- The increased demand for natural/green products has provided some companies access to a wider market.
- Overall perception of natural ingredients and products has changed.
- Natural ingredients and the increased interest in them allows both suppliers and brand owners an opportunity to differentiate their products in the marketplace and expand business.
During the last decade, the interest level in natural/organic products shifted from limited to mainstream. With green/natural as the new “norm,” suppliers are faced with the challenge of adapting to a new consumer focus—adjusting to the “natural” impact.
When discussing the natural impact, Mark Vieceli—director or sales, marketing and business development for Capsugel, a manufacturer of dosage forms—notes that, from the company’s experience, the recent interest in natural resulted in increased business. “We closely research what drives consumer purchases and create capsule dosage products to meet those needs.” He points to a study by the Nielson Company that states, “Natural is one of the top 10 health and wellness claims, growing by more than 10% in 2008 to $22.3 billion, and continued to expand even as the economy stumbled.”
Vieceli adds, “Consumers are now particularly interested in clean label products. They are looking for natural colors, natural preservatives.” His statement is substantiated by the recent increased level of worldwide interest in Capsugel’s clean-label vegetarian capsules. In addition, the company introduced a new palette of natural colorants for gelatin and HPMC capsules.
Though in the business of providing naturally derived raw materials for 32 years, Desert Whale Jojoba Company also experienced an increased demand for its products as a direct result of the green movement. Soraya Rohde, owner/founder of the company described the attention as “very positive for the company, as it has only highlighted our value to the industry.”
Ellen Delisle, technical sales manager for Bio-Botanica Inc., echoes this notion. She notes that the popularity of the natural ingredients and products offered by the company, a developer and manufacturer of botanical extracts, has increased significantly during the past few years, particularly reflected by the sales performance of its nutraceutical and cosmeceutical products.
While Capsugel, Desert Whale Jojoba and Bio-Botanica focused on maintaining established standards, Colonial Chemical took a different approach to embracing the natural product phenomenon by completely changing the face of the company. David Anderson, president of Colonial Chemical, notes that the company began to transition toward becoming more environmentally friendly in 2003, before the big wave of companies greening. In the next few years since the decision was made, Colonial Chemical adopted the “Twelve Principles of Green Chemistry,” which began utilizing the Green Star rating on all products; and shifted to focusing on materials that are no less than 50% naturally derived. Anderson notes that in 2003, the change was slow as there was only a “mild interest in developing naturally based natural care products,” while in 2009 the company’s business increased significantly with a broader base of customers now interested in these materials. He adds, “Green is the new way to go. We are now able to prove that natural products function like [previously available, non-natural ingredients], except now they are safer for humans and the environment.”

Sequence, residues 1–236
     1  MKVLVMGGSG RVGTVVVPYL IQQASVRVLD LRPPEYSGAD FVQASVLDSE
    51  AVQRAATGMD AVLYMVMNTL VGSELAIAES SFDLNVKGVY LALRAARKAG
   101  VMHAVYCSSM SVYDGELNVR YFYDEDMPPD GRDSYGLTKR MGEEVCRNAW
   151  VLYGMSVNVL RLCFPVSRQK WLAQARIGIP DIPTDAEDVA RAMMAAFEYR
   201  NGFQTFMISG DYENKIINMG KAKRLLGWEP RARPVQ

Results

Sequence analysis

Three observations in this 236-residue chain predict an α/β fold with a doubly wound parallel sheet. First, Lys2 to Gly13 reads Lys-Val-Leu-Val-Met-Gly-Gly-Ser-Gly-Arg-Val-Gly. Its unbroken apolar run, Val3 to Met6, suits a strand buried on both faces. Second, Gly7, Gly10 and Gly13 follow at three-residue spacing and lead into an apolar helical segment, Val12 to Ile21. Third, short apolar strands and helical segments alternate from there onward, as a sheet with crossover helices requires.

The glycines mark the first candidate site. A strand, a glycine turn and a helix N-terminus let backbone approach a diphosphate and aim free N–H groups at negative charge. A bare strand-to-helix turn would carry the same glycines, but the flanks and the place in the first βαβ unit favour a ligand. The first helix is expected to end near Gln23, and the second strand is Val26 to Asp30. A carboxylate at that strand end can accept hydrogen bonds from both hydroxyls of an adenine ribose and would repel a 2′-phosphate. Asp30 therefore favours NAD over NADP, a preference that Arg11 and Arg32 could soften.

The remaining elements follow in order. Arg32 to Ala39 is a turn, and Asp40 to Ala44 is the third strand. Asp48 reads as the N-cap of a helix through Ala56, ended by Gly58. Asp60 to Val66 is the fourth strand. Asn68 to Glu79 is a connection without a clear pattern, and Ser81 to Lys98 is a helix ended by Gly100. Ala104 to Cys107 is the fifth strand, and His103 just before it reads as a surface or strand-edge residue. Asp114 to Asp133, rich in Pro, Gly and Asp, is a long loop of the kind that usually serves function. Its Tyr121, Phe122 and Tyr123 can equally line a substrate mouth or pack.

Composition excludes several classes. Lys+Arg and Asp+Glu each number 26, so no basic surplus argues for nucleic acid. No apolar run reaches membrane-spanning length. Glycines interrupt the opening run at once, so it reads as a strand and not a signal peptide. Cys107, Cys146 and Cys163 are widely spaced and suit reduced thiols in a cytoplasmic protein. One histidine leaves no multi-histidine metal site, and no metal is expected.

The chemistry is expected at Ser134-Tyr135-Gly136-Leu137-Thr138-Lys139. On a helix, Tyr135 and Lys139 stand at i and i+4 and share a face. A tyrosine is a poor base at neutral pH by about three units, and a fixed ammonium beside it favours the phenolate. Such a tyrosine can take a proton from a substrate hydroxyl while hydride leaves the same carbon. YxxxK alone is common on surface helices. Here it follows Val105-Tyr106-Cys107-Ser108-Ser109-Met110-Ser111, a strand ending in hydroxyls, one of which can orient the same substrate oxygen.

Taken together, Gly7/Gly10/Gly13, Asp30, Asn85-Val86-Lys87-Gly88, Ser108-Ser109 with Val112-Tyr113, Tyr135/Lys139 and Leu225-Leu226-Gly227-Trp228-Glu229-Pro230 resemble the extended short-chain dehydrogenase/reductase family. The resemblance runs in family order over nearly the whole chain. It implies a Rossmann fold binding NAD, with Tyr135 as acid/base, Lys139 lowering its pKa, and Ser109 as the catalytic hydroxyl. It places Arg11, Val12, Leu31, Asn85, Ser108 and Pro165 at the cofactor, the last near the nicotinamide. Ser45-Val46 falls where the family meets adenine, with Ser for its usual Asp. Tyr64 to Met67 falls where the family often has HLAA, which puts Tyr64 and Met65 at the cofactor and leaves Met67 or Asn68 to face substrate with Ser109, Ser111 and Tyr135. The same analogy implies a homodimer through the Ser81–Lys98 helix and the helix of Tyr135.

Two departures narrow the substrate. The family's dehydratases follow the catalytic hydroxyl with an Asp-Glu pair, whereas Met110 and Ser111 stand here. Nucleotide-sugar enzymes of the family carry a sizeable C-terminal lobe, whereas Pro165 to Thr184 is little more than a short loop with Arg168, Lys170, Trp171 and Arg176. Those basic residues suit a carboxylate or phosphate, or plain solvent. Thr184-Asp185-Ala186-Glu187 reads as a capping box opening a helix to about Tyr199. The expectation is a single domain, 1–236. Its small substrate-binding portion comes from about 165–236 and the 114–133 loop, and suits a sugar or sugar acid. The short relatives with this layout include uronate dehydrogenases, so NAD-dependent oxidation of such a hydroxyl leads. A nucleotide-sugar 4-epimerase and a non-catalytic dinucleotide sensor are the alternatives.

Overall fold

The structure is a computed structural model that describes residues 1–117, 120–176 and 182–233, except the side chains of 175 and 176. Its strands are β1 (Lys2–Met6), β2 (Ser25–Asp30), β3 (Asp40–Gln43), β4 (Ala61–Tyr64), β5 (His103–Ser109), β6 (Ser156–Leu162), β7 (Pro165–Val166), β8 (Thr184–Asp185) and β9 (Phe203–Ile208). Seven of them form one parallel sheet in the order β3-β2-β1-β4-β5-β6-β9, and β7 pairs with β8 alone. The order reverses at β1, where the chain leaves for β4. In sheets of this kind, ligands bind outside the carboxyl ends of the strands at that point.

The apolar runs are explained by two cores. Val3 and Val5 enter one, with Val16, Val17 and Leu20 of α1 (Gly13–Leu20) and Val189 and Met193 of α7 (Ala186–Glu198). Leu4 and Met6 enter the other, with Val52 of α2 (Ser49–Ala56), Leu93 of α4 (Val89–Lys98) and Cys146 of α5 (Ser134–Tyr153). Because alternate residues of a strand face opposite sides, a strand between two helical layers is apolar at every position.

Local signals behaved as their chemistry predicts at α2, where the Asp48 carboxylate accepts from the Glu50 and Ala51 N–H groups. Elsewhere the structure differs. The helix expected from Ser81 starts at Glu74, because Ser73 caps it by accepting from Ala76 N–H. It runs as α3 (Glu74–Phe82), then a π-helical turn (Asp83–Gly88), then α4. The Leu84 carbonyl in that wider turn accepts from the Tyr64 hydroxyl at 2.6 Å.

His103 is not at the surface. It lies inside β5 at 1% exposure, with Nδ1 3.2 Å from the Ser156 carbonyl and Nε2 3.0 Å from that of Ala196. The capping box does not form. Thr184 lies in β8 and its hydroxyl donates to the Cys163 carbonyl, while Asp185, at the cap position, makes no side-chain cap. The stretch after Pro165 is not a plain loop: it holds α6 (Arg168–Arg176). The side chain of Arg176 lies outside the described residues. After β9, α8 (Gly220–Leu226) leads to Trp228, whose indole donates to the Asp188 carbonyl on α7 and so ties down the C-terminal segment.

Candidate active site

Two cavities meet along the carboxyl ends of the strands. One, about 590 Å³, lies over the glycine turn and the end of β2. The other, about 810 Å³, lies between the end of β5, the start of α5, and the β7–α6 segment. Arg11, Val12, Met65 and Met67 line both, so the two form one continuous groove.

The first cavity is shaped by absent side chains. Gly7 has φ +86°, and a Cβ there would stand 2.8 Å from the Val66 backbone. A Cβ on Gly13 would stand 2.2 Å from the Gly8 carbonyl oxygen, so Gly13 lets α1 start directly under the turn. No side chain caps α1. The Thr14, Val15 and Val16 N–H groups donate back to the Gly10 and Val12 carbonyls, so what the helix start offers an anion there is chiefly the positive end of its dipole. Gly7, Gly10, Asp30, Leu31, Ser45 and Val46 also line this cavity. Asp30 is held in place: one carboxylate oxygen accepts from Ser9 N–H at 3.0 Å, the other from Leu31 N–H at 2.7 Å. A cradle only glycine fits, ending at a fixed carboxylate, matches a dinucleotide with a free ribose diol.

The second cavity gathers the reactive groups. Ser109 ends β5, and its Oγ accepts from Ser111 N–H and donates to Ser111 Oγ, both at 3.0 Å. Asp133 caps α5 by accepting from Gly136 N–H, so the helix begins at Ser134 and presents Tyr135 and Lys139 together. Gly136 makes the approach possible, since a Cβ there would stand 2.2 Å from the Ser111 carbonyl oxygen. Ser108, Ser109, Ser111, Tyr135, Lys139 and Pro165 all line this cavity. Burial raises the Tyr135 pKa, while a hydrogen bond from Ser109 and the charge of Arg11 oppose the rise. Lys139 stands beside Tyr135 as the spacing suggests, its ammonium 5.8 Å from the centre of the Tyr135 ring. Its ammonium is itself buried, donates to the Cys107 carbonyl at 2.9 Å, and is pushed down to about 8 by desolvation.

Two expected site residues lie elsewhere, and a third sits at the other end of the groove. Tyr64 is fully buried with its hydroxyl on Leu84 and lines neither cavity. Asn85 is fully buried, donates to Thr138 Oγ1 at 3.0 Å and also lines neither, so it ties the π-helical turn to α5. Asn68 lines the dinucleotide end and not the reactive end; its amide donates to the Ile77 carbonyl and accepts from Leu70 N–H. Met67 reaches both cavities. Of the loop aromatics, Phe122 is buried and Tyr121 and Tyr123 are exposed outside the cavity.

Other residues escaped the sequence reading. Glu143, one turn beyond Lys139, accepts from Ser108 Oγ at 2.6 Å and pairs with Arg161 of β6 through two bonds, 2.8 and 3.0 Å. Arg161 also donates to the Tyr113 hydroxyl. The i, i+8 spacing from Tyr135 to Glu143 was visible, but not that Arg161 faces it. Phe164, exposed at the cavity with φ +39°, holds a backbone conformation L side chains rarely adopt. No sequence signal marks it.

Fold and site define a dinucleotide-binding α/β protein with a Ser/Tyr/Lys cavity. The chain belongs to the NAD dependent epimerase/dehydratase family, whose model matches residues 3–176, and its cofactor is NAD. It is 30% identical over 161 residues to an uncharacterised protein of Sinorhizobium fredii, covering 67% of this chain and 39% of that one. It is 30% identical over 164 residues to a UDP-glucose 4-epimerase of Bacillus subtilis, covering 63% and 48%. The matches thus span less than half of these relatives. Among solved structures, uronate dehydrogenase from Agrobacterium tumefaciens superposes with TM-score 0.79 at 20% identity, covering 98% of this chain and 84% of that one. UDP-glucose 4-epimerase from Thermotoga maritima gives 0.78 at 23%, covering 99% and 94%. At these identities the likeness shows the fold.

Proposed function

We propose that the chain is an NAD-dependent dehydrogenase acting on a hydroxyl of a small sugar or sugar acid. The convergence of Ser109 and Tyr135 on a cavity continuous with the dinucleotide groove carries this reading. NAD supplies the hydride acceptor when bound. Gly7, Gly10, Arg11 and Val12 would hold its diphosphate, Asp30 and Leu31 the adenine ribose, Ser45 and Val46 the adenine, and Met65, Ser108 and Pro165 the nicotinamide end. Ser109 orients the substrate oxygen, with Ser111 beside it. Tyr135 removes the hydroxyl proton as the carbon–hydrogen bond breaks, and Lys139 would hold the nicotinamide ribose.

The increased market demand for natural/green products has provided all four companies access to a wider market. While this may be cause for some to make radical changes to how they do business, all four company representatives were firm in maintaining their original (or in Colonial Chemical’s case, revamped) message when marketing the products.
Desert Whale’s most recent product launches were approached differently—not because the products have changed but rather because the overall perception surrounding the products has changed. “We are focusing on the benefits [products/ingredients] can provide formulators looking for alternatives that function similar to ingredients no longer deemed acceptable in the industry or by consumers,” said Rohdes. “Formulators and consumers have benefited from using jojoba-derived raw materials for more than 30 years. What may be new to many of them is that we have been producing naturally sustainable, environmentally friendly, low impact materials the entire time.”
Bio-Botanica’s response is similar to Desert Whale’s in the sense that it has not changed what it does, but rather focused on increasing the company’s presence in the worldwide market. Among those efforts, Bio-Botanica broadened its distributor base and added In-cosmetics to its roster of trade shows. Delisle emphasizes that, as a company, Bio-Botanica will continue to focus on manufacturing “holistically balanced” botanical extracts for the industries it serves—abiding by the standard of sourcing botanicals globally that it has maintained since its inception.
Vieceli points to Capsugel’s long-standing “hyper-vigilance” when making product claims, citing the importance of utilizing only appropriate sources that can be traced and documented in the company’s products. He views the increased interest as an opportunity for companies to help differentiate their products in the marketplace and expand business by tapping into the natural consumer base rather than attempting to replicate other companies’ successes.
Alexandra Voigt is a freelance writer for GCI magazine.